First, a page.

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Intellectual Health Food

by Randall Craig on August 19, 2009

Filed in: Blog, Learning, Make It Happen Tipsheet,

Tagged as: , , ,

Where did you pick up your current attitude to learning? The quick answer is your friends, family, school, and work colleagues. Looking more widely, you probably were influenced by TV, movies, your favorite author, and the culture in general.

Too often, it is mindless TV shows, complaining friends and family, and your day-to-day work responsibilities. What type of intellectual nutrition are you currently eating? You can’t change what you are, but you can change what you become. Here are some “health food” ideas for your mind:

  • Read a challenging non-fiction book. It can be history, science, philosophy, or a business best-seller. Even better, join a book club where the books are discussed with others.
  • Attend a lecture (or lecture series): This can be on any particular topic, so long as it challenges you to think.
  • Widen your perspective: Visit the local museum or art gallery, and book a guided tour.
  • Travel to another country on vacation, instead of the usual spots
  • Learn another language.
  • Sign up for a personal interest course or a professional certification.

While these types of activities can have a profound impact on you as an individual, they will also impact your work performance – and your personal relationships.

This week’s action item: We always consider “Junk food” as undesirable, yet we often feed our mind with nothing better. This week, swap the bad for the good. Add one (good) thing to your list of to-do’s, and choose one (bad) thing to drop.

Note: The Make It Happen Tipsheet is also available by email. Go to www.RandallCraig.com to register.

Randall Craig

@RandallCraig (follow me)
www.RandallCraig.com

www.108ideaspace
.com
www.ProfessionallySpeakingTV.com

Alternative options

by Randall Craig on August 12, 2009

Filed in: Blog, Make It Happen Tipsheet, Management, Miscellaneous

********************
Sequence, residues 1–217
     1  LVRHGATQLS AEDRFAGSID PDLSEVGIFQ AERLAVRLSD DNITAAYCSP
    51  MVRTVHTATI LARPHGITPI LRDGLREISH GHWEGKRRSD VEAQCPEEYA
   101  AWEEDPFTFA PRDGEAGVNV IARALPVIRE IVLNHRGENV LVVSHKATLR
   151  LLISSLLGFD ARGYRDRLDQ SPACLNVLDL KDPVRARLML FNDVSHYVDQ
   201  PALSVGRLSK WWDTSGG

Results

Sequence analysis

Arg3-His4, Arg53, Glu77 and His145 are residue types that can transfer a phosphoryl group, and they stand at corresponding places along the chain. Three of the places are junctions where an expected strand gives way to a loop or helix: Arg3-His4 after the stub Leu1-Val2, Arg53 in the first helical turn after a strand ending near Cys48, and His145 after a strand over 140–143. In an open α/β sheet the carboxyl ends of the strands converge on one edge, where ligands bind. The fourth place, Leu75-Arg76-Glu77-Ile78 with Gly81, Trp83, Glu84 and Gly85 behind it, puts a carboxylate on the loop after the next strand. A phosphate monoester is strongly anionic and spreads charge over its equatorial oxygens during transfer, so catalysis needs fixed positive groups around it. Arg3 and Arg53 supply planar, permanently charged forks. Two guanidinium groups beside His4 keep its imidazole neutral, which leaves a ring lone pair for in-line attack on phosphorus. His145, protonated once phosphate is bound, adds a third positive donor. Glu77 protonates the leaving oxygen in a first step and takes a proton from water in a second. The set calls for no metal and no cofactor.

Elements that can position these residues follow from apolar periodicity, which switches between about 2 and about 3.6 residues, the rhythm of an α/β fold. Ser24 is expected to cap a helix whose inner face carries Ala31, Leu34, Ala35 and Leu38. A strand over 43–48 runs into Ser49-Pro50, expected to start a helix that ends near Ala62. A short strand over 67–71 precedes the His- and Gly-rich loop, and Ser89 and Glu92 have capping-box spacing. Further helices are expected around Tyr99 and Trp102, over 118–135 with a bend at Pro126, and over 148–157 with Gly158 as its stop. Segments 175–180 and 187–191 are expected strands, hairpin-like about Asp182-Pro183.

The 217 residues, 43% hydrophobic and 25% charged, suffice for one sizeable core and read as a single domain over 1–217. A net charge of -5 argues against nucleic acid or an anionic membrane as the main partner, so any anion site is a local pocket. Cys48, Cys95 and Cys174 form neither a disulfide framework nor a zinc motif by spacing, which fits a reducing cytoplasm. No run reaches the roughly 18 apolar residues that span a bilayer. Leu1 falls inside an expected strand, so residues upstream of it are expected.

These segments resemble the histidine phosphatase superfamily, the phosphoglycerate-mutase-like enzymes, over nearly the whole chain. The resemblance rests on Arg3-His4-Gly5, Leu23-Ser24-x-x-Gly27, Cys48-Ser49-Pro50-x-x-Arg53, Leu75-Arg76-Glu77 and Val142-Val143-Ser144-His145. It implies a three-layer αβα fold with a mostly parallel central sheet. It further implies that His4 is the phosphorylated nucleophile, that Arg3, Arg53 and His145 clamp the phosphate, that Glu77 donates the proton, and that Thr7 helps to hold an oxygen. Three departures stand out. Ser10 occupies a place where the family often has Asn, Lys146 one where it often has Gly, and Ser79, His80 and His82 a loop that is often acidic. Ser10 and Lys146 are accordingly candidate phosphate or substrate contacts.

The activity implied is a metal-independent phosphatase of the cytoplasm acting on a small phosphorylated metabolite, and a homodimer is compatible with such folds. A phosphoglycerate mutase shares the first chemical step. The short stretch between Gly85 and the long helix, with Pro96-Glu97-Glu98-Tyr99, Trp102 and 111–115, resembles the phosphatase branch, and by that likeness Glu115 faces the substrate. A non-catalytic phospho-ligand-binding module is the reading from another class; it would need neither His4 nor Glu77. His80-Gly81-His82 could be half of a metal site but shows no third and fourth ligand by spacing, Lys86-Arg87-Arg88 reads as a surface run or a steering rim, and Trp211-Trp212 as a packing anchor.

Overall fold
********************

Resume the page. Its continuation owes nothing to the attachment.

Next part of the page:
Tagged as: , , ,

At any point in your life, have you ever found yourself backed into a corner, uncertain how you were going to proceed? It may have been a tough client, a project gone awry, a personal relationship gone sour, or maybe a financial crisis. When this happens, there are a number of common responses, some helpful, and others which are not.

Good responses:

  • Take personal responsibility, and be accountable for the situation. Admit that you’re wrong, and take your lumps as early as possible.
  • Let those impacted know as early as possible. (Especially your manager or clients.)
  • Reach out to colleagues, friends, and family for support.

Bad responses:

  • Compromise values: If you compromise your values, then you’ve “re-set” people’s expectations of what you would be willing to do in the future. Changing your values to get out of a tough spot might seem like an easy fix, but a reputation for dubious ethics will stick with you forever.
  • Be too easy to please. When this happens, you appear desperate. Others will be tempted to take advantage of the situation.

Of course, the best protection against tough situations is to avoid them altogether. Yet if we avoid all challenges, we will never grow. It is these experiences that strengthen us for even greater challenges, increase our value in the job market, and increase our personal equity with friends and family.

This week’s action item: Each day we are faced with situations that require our input. This week, before reacting to a tough situation, consider your options: what is the impact of each alternative? How might each impact your reputation over the longer term? Choosing an option from a list of alternatives will always produce better results than a decision made in haste.

Note: The Make It Happen Tipsheet is also available by email. Go to www.RandallCraig.com to register.

Randall Craig

@RandallCraig (follow me)
www.RandallCraig.com

www.108ideaspace
.com
www.ProfessionallySpeakingTV.com